- VA mortgage insurance – specifically for Veterans Affairs home loans, a funding fee is required for the purchase of a home, typically a small percentage of the loan amount.
- USDA mortgage insurance – from the U.S. Department of Agriculture for specific types of property (rural); that includes an initial fee and annual fee
Selling the house
If you end up moving, your policy does not necessarily follow you. That means the premiums you paid into the policy would not be recouped.
Provisions vary, so you will want to read the fine print of your policy.
What’s Good About Mortgage Life Insurance?
To be sure, there are some potential upswings to this type of coverage.
- No exam required
- No health questions
- Pays off your mortgage
- Everyone qualifies (who takes out a mortgage)
But, it only makes sense in certain situations, namely, if you cannot qualify for traditional life insurance, such as a 30-year term policy.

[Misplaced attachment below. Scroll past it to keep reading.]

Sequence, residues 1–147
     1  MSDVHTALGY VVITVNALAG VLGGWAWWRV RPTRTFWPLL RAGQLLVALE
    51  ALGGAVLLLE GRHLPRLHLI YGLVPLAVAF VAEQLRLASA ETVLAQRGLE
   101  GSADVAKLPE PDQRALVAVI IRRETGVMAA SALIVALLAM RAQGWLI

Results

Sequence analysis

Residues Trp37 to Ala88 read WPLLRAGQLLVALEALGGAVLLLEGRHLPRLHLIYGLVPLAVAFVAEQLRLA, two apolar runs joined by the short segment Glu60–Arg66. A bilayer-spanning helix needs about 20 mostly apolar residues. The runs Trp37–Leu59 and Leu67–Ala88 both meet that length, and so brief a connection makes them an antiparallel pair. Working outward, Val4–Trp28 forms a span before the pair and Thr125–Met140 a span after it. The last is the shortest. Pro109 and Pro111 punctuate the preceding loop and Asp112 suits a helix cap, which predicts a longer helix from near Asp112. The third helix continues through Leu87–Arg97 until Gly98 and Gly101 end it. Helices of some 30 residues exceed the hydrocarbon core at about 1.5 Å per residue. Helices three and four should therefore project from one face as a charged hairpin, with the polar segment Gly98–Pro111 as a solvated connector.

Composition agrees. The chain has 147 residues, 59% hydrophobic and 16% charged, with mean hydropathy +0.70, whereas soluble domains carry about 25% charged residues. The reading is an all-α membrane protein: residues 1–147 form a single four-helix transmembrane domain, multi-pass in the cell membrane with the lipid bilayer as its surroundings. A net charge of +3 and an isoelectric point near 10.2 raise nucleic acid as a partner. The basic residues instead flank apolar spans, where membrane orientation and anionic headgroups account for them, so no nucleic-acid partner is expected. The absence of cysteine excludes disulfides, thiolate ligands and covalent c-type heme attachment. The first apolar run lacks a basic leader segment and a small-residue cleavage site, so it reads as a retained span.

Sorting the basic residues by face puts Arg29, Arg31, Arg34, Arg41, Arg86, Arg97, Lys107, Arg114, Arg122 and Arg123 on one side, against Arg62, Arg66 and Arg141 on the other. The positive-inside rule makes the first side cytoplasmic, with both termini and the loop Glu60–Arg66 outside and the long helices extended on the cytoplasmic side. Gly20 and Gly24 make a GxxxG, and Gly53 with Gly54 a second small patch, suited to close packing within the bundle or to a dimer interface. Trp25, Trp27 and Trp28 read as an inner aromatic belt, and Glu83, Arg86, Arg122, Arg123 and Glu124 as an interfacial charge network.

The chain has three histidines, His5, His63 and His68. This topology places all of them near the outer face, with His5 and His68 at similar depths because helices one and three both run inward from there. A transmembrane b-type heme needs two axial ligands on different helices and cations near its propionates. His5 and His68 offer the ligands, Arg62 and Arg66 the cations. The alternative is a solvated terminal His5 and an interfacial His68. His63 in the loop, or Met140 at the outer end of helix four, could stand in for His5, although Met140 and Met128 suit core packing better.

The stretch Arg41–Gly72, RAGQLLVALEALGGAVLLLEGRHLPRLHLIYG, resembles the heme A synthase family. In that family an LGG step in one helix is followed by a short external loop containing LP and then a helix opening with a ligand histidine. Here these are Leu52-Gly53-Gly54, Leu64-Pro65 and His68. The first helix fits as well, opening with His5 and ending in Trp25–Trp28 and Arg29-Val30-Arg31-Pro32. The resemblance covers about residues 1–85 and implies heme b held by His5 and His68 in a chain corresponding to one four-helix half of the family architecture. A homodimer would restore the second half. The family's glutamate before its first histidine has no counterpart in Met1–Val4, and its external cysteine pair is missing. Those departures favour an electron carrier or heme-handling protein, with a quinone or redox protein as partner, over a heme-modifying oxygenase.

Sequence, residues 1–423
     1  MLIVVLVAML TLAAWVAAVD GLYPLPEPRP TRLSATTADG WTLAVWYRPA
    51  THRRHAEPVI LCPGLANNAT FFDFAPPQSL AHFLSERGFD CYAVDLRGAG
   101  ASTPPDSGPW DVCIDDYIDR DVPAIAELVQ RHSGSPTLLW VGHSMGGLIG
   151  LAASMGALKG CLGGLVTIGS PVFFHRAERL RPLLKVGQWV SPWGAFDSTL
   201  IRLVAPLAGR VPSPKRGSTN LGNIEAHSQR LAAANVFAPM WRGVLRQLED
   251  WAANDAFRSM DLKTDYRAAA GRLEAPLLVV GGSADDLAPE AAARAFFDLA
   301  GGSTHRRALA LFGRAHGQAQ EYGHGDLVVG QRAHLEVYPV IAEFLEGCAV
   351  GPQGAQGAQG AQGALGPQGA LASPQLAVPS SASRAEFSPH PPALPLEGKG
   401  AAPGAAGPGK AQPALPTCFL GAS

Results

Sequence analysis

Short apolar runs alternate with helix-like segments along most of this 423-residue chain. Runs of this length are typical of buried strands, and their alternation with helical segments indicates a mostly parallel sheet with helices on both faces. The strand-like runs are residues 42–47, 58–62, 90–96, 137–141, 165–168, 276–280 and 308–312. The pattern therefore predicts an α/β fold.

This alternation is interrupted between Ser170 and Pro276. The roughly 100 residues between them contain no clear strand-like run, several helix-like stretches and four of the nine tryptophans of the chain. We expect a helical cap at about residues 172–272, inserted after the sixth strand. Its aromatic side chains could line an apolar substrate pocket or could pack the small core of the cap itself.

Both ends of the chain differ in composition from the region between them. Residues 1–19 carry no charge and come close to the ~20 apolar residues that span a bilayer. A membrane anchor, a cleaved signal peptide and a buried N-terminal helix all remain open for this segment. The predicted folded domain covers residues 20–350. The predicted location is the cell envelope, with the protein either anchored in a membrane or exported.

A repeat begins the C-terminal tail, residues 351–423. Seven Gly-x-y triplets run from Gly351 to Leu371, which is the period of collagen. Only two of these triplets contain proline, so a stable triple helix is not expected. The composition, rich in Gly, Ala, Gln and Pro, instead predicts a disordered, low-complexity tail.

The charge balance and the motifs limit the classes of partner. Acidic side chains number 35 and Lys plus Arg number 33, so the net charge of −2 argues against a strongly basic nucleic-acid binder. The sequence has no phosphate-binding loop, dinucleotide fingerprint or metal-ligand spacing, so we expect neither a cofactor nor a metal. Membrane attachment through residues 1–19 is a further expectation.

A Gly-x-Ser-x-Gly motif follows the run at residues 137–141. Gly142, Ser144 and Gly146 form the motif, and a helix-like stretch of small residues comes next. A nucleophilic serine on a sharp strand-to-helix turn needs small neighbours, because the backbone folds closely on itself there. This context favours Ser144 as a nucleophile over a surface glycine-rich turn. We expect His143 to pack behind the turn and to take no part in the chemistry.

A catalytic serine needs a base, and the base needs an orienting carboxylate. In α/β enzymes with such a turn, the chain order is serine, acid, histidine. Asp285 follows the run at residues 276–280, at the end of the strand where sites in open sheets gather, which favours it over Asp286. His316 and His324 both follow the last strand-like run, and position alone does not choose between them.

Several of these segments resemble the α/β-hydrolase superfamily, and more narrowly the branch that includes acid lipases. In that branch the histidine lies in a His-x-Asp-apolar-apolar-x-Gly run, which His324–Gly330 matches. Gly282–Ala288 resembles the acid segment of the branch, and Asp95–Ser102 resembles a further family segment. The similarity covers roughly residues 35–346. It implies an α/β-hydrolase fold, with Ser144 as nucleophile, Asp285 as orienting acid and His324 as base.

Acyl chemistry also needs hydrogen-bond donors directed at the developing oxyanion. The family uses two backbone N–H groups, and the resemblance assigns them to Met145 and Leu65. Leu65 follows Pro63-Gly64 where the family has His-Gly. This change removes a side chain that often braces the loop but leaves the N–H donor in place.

Why? Life insurance – like term and whole – provides money directly to your loved ones, tends to be more affordable, and offers additional policy options and features.
If you have serious health or lifestyle complications, like uncontrolled diabetes, or a history of alcoholism, traditional life insurance might be out of reach – making mortgage life insurance a sound option.
What’s Bad About Mortgage Life Insurance?
For most families, there is a lot of bad.
Any payout goes to the mortgage lender.– Forbes
Especially, if you are in good or decent health, think of the following as red flags.
- Expensive premiums
- Decreasing benefit – to match mortgage balance
- The beneficiary is the mortgage lender
- No funds paid to loved ones
If you have debts outside of your mortgage – student loan, credit cards, car loan – this form of coverage will do nothing for those liabilities.
Always evaluate all of your coverage options before signing up for a mortgage life insurance policy.